As an aside, the dependence of the ^{4}He mass fraction on the neutron lifetime (_{n}) can be included in eq. 18 by adding a term 0.0002(_{n} - 887.5), where _{n} is in seconds. A very recent, new measurement of _{n} by Serebrov et al. [12] suggests that the currently accepted value (_{n} = 887.5 s) should be reduced by 7.2 s. If confirmed, this would lead to a slightly smaller BBN-predicted ^{4}He abundance: Y_{P} = -0.0014. The corresponding shift in the ^{4}He inferred baryon density parameter is negligible compared to its range of uncertainty (_{B} / _{B} = -0.14), as is that for the shift in the upper bound to N_{} (N_{}^{max} = +0.11). These corrections are ignored here.
In analogy with the deuterium baryon density parameter introduced above, it is convenient to introduce _{He}, defined by
(19) |
so that
(20) |
For SBBN (S = 1 & _{e} = 0), _{He} is the value of _{10} corresponding to the adopted value of Y_{P}. Once Y_{P} is chosen, the resulting value of _{He} provides a linear constraint on the combination of _{10}, S, and _{e} in eq. 20. This fit works well [9] for 0.23 Y_{P} 0.25, corresponding to -5 _{He} 7. As Figures 2 & 3 reveal, ^{4}He is an excellent chronometer and/or leptometer, since the Y_{P} isoabundance curves are nearly horizontal (and very nearly orthogonal to the deuterium isoabundance curves).
As with D, the ^{7}Li abundance ^{3} is well described by a power law in _{10} over the range in baryon abundance explored here: y_{Li} 10^{10}(Li/H) _{10}^{2}. The following KS fit agrees with the BBN predictions to better than 3% over the adopted range in _{10},
(21) |
While this fit predicts slightly smaller lithium abundances compared to those of BNT [11], the differences are at the 5-8% level, small compared to the BNT uncertainty estimates as well as those of Hata et al. (1995) [13] (~ 10 - 20%).
In analogy with _{D} and _{He} defined above, the lithium baryon abundance parameter _{Li} (allowing for a 10% overall uncertainty) is defined by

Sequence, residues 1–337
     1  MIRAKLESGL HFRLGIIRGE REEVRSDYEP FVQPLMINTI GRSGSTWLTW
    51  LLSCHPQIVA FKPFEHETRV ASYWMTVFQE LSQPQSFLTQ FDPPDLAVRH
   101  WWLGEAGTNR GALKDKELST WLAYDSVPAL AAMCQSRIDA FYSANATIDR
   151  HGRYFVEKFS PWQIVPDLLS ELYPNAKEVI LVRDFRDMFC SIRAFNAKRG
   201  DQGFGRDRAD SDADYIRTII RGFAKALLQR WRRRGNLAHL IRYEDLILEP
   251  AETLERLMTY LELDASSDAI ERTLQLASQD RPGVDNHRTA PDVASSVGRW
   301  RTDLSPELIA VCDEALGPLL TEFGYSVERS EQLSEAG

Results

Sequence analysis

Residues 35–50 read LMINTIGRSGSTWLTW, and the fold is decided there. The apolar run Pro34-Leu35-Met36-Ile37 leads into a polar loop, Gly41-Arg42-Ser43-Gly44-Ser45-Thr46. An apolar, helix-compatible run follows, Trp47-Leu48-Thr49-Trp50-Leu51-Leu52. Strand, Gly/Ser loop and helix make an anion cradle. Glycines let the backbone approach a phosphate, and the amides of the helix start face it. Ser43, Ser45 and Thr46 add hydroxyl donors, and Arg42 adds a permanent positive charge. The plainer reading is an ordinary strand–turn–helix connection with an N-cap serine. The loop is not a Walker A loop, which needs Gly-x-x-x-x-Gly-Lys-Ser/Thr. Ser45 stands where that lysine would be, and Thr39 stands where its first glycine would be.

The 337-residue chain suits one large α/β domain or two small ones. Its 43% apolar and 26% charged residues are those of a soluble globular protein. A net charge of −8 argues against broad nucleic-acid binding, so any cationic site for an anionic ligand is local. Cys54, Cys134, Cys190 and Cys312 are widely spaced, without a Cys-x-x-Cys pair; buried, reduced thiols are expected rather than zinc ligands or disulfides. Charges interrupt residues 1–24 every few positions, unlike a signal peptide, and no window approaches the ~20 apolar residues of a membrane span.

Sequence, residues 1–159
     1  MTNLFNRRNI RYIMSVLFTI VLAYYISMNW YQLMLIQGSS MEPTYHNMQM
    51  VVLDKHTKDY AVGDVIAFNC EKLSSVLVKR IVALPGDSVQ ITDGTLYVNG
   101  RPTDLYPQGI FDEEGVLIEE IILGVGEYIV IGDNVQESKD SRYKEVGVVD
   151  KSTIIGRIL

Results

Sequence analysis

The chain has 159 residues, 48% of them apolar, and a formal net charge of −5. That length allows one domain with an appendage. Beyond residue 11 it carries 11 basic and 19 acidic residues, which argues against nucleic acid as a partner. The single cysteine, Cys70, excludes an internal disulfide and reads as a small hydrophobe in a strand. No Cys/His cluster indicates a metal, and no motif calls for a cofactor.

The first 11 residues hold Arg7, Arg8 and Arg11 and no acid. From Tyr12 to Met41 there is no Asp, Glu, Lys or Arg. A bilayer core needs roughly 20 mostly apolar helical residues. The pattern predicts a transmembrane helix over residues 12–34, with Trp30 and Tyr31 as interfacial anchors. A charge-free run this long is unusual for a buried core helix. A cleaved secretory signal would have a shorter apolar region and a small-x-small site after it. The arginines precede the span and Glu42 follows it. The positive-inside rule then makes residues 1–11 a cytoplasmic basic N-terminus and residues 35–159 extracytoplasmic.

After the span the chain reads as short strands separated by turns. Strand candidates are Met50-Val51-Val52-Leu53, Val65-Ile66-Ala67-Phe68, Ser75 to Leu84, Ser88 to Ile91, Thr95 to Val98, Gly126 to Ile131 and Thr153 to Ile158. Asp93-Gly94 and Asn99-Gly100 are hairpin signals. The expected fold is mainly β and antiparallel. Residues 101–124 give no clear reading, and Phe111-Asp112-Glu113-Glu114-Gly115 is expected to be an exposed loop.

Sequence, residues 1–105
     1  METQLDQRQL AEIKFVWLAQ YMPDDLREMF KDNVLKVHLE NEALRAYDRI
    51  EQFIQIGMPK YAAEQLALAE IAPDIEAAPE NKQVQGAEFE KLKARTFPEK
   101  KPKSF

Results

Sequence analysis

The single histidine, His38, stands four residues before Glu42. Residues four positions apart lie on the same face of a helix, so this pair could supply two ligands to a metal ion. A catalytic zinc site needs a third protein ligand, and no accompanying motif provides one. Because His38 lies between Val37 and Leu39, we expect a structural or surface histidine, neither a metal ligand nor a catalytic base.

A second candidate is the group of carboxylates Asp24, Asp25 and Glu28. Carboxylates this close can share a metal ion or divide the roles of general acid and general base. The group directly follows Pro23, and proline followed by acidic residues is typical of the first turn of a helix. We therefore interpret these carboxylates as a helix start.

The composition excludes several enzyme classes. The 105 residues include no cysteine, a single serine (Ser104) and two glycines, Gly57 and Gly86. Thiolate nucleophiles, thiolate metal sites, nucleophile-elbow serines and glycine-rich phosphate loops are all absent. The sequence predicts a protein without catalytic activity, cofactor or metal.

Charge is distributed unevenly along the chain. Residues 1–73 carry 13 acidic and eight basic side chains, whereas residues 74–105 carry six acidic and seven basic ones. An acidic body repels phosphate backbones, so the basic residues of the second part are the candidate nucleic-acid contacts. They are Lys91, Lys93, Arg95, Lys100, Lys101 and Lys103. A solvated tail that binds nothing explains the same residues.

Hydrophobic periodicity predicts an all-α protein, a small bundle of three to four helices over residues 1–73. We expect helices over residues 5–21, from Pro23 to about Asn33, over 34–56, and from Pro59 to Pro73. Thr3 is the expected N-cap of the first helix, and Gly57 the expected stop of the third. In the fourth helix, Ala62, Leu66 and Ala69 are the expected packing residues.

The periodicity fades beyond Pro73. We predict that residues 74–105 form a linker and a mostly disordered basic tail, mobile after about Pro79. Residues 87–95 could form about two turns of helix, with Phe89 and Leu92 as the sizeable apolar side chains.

(22) |
The simple, linear relation for _{Li} as a function of _{10}, S, _{e}, which KS find fits reasonably well over the adopted parameter ranges is,
(23) |
This fit works well for 3 y_{Li} 5, corresponding to 5 _{Li} 7, but it breaks down for y_{Li} 2 (_{Li} 4); see Fig. 1. As is the case for deuterium, lithium can be an excellent baryometer since, for the restricted ranges of S and _{e} under consideration here, _{Li} _{10}.
Finally, it may be of interest to note that for ^{3}He the power law y_{3} - _{B} relation, where y_{3} 10^{5}(^{3}He/H), which is reasonably accurate for 4 _{10} 8 is
(24) |
The difficulty of using current observational data, limited to chemically evolved regions of the Galaxy, to infer the primordial abundance of ^{3}He, along with the relatively weak dependence of y_{3} on _{10}, limits the utility of this nuclide as a baryometer [14]. ^{3}He can, however, be used as a test of BBN consistency.
2.3. SBBN-Predicted Primordial Abundances
Before discussing the current status of the observationally determined abundances (and their uncertainties) of the light nuclides, it is interesting to assume SBBN and, for the one free parameter, _{B}, use the value inferred from non-BBN data such as the CBR (WMAP) and Large Scale Structure (LSS) [2] to predict the relic abundances.
From WMAP alone, Spergel et al. 2003 [2] derive _{10} = 6.3 ± 0.3. Using the fits from Section 2.2, with S = 1 and _{e} = 1, the SBBN-predicted relic abundances are: y_{D} = 2.45 ± 0.20; y_{3} = 1.03 ± 0.04; Y_{P} = 0.2485 ± 0.0008; y_{Li} = 4.67 ± 0.64 ([Li]_{P} = 2.67 ± 0.06).
When Spergel et al. 2003 [2] combine the WMAP CBR data with those from Large Scale Structure, they derive a consistent, but slightly smaller (slightly more precise) baryon abundance parameter _{10} = 6.14 ± 0.25. For this choice the SBBN-predicted relic abundances are: y_{D} = 2.56 ± 0.18; y_{3} = 1.04 ± 0.04; Y_{P} = 0.2482 ± 0.0007; y_{Li} = 4.44 ± 0.57 ([Li]_{P} = 2.65_{-0.06}^{+0.05}).
^{2} Y_{P} is the ^{4}He mass fraction while the other abundances are measured by number compared to hydrogen. For numerical convenience, y_{D} 10^{5}(D/H) and y_{Li} 10^{10}(Li/H). Back.
^{3} It is common in the astronomical literature to present the lithium abundance logarithmically: [Li] 12 + log(Li/H) = 2 + log(y_{Li}). Back.